Duncan Farmer was surprised to find it is worth investigating if you have been mis-sold PPI.
The long winter nights suddenly got a bit brighter when a cheque for almost £1,800 landed unannounced on the doormat a couple of weeks ago, about three months after I had reluctantly signed up to a PPI claim firm.
For years I had ignored adverts on the Tube and television and almost endless cold calls to my phone. I was convinced that I could never have been a victim – not only am I confirmed sceptic when it comes to most forms of insurance (and payment protection cover had always struck me as one of the most useless) but I couldn’t believe that anyone would have hoodwinked me into buying it.
Not only did they mis-sell it to me, but millions of others were caught in the trap, with premiums added to mortgages, bank loans, credit cards, store cards and car loans. So big is the problem that Lloyds, the worst offender, has set aside more than £18 billion to repay its victims. Other mainstream lenders, such as Nationwide, Barclays and what was Abbey National, were also at it.
Many people reading this will also have a viable claim whether they think they do or not. And the payout could be substantial. In my case I had borrowed £10,000 from my bank in 1999 for a deposit on a flat I was buying in east London for £89,000 – those were the days!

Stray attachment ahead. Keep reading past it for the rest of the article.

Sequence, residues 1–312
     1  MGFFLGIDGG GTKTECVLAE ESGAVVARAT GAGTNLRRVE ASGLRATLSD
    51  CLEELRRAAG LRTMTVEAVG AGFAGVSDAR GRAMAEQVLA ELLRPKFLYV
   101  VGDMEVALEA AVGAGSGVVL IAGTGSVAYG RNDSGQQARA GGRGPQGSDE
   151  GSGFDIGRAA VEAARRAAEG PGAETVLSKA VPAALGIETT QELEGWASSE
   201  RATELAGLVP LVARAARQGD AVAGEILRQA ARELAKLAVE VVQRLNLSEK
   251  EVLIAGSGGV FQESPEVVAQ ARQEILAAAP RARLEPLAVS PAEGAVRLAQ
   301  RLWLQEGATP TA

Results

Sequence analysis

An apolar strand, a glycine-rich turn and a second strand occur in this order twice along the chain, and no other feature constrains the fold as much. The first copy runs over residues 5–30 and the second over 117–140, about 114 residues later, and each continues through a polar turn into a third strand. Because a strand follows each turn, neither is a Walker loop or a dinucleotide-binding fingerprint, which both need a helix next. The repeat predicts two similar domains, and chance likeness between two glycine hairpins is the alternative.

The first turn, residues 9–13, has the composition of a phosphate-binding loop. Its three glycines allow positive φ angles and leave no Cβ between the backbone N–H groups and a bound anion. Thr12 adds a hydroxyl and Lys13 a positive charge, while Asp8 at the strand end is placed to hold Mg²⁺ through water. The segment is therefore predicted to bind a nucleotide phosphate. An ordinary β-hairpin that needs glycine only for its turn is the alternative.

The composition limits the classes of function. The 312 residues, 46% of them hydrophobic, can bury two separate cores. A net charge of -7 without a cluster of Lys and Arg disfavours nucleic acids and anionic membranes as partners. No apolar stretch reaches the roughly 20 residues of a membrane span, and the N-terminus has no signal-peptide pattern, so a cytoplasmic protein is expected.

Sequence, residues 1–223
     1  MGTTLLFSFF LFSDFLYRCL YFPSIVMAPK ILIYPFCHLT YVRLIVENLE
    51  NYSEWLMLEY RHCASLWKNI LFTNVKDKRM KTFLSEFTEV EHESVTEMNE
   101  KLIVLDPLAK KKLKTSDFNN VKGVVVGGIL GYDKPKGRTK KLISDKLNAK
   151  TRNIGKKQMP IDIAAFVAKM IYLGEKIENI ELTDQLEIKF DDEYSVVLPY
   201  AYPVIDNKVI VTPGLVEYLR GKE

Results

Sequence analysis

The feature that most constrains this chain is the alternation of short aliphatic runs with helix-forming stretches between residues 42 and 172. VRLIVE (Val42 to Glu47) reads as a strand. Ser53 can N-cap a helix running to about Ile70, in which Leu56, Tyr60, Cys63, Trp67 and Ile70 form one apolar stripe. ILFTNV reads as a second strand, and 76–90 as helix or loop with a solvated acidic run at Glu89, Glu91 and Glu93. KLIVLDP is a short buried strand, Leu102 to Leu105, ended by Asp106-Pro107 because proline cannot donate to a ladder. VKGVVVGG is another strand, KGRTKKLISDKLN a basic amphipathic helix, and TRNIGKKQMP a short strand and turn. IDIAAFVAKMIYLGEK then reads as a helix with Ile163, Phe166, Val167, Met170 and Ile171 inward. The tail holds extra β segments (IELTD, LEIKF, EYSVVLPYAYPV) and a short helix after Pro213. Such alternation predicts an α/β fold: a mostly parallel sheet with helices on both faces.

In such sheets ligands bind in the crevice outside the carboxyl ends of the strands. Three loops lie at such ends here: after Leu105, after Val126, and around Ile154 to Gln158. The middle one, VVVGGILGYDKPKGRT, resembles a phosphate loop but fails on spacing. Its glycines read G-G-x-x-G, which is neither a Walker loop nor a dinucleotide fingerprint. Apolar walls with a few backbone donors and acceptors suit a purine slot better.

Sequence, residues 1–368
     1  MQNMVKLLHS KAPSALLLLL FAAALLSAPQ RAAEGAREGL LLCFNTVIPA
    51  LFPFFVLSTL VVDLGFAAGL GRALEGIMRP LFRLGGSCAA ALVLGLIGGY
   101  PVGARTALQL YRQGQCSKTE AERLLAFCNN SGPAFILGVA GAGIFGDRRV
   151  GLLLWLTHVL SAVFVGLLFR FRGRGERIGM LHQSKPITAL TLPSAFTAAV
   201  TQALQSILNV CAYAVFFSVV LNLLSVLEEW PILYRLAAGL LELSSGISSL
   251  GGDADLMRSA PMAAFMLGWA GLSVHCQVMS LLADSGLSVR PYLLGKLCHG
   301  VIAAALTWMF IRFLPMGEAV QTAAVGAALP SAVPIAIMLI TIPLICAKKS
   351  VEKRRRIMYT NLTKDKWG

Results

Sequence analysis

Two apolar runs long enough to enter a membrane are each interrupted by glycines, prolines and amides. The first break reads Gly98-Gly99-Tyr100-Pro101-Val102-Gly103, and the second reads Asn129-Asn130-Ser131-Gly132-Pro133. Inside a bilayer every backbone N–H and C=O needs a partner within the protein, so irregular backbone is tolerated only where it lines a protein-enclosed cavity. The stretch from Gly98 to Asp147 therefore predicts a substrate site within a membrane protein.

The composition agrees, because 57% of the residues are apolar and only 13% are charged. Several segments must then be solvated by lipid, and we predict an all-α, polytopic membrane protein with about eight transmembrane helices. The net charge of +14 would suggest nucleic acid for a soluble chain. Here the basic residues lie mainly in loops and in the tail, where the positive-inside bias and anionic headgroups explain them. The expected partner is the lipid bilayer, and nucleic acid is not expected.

I had, unwittingly, paid premiums of just over £800, but because it had been mis-sold I was entitled to compensation interest, which took my payout beyond £2,000, although I did have to pay tax on some of it.
Finding out whether you had PPI is part of the problem and using a claims firm, which took 25 per cent of my payout, helped to trace a loan I had long forgotten about, but I could just as easily have asked my bank whether I had ever had PPI.
The second issue is deciding whether it was mis-sold. The purpose of PPI is to repay a debt if the policyholder is unable to work through redundancy, sickness or accident or if they die. Anyone who has a job with the sort of benefits that would keep paying them in such circumstances or who had other assets that could be liquidated to clear the debt would not need PPI and would therefore have a good claim for mis-selling.
The value of the average successful claim is just under £3,000, but if your claim related to a mortgage, the amount you paid and the amount you could reclaim could well be far more.